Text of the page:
Salvador To Work
with Fishermen To Reduce
Engtanlgements of Whales,
Other Marine Mammals, Turtles
NMFS Northeast Region
N E W SWoods Hole, Mass. – Glenn Salvador, a former commercial fisherman, has been assigned by NOAA Fisheries to work with the Mid-Atlantic fishing industry on reducing the entanglement of whales, other marine mammals, and sea turtles in fishing gear. Salvador comes to the region from New England, where he worked with fisherman on gear entanglement issues for four years.
With Salvador's move to Delaware, former commercial fisherman John Higgins has taken over resonsibility for working with industry in the Northeast to reduce entablgement of marine mammals in fishing gear.
In his new post, Salvador will cover the coast from the North Carolina/Virginia border north to Long Island, N.Y. As the federal government’s liaison to commercial fishermen, Salvador is responsible for answering questions about how to comply with regulations to protect marine mammals and sea turtles. He will also work with fishermen to develop and test new gear ideas to reduce the likelihood of entanglement.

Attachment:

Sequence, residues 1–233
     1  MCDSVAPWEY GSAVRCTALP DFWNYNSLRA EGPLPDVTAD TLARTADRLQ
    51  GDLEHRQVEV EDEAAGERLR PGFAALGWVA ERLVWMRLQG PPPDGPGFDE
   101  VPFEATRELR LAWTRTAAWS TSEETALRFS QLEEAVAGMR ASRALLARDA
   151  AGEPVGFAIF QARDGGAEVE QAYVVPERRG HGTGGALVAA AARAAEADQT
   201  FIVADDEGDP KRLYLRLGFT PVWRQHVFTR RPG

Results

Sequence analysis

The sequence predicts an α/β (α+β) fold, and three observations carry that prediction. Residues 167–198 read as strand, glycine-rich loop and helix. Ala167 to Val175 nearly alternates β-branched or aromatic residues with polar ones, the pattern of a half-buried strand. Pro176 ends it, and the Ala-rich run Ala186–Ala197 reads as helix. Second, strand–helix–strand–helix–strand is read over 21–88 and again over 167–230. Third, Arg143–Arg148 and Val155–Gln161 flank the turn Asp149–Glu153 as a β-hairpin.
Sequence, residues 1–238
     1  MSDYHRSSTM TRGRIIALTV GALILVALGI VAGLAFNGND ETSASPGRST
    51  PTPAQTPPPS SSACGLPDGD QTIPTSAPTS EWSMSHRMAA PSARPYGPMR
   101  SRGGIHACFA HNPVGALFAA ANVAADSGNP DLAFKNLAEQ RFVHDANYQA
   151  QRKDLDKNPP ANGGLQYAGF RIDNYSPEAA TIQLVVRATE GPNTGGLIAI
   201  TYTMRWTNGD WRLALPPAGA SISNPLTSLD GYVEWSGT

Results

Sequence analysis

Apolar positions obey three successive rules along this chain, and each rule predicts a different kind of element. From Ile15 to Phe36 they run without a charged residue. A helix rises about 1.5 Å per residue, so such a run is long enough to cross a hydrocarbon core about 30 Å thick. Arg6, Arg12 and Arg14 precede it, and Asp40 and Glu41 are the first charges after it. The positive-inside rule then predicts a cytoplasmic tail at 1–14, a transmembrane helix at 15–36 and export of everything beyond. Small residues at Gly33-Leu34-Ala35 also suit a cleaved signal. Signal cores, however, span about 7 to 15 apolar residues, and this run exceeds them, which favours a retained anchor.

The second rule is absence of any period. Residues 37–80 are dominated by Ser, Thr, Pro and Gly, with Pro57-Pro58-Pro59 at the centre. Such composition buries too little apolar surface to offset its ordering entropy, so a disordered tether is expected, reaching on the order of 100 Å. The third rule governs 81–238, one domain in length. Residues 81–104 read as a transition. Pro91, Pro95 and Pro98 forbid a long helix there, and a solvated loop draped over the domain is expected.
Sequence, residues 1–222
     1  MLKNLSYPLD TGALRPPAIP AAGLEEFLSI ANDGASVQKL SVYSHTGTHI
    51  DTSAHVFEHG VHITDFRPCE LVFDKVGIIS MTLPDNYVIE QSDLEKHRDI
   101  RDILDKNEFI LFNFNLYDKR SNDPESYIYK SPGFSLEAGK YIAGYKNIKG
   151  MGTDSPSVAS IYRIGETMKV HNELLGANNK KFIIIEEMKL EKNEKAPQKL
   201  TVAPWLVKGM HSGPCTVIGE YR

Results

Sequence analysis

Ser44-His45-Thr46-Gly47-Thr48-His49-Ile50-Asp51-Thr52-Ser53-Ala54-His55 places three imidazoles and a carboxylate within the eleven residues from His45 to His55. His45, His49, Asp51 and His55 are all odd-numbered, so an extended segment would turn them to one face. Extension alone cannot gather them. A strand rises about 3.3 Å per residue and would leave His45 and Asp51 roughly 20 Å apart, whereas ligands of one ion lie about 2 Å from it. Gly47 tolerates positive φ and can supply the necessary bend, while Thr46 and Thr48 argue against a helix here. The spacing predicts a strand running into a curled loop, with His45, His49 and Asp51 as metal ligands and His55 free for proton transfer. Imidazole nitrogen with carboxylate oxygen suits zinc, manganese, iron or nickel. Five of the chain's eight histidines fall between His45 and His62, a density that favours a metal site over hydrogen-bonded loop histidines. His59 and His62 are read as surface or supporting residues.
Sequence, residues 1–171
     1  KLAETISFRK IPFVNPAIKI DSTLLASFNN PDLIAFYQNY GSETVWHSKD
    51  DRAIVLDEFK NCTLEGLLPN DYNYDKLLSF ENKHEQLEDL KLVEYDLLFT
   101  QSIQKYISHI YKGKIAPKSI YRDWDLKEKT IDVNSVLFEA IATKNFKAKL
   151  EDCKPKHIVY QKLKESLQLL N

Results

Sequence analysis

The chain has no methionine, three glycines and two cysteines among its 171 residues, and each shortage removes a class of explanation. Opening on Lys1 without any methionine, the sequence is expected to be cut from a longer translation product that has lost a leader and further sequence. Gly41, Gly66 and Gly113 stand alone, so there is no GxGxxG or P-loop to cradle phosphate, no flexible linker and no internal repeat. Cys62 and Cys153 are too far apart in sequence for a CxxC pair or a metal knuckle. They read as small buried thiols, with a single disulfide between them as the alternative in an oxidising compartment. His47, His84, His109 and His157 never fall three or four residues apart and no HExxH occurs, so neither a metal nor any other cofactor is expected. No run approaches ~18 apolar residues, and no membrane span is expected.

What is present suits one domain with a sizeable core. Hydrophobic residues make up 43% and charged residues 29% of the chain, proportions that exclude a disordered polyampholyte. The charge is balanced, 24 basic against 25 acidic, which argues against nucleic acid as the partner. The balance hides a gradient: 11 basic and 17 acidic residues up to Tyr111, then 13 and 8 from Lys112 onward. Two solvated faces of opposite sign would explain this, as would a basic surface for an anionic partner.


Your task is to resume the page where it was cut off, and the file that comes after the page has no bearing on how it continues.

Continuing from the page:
In recent years, Salvador has worked with fishermen on a variety of gear ideas including neutrally buoyant line, changes in the way gillnet float lines are rigged, and a variety of weak links. All of the promising ideas are tested at-sea by commercial fishermen.
Salvador has also worked with commercial fishermen to gather data on the load placed on lobster and gillnet gear in different inshore and offshore fisheries. He expects to continue the same types of work in the Mid-Atlantic.
“I’ll be going to sea with commercial fishermen, and I’ll be attending trade shows and going to fishermen’s meetings up and down the coast,” Salvador says. “I’ll be explaining the rules to anyone who wants to hear them, and I’ll be listening to any ideas anyone has about how the rules can be improved.”
Federal regulations to reduce entanglement of marine mammals and sea turtles are required under the Marine Mammal Protection Act and, in some case, the Endangered Species Act. Salvador wants to hear from commercial fishermen who have questions or ideas about the regulations. He can be reached at (302) 644-2375, or via cell phone (302 893-2242), fax (302 644-2486), or e-mail (firstname.lastname@example.org).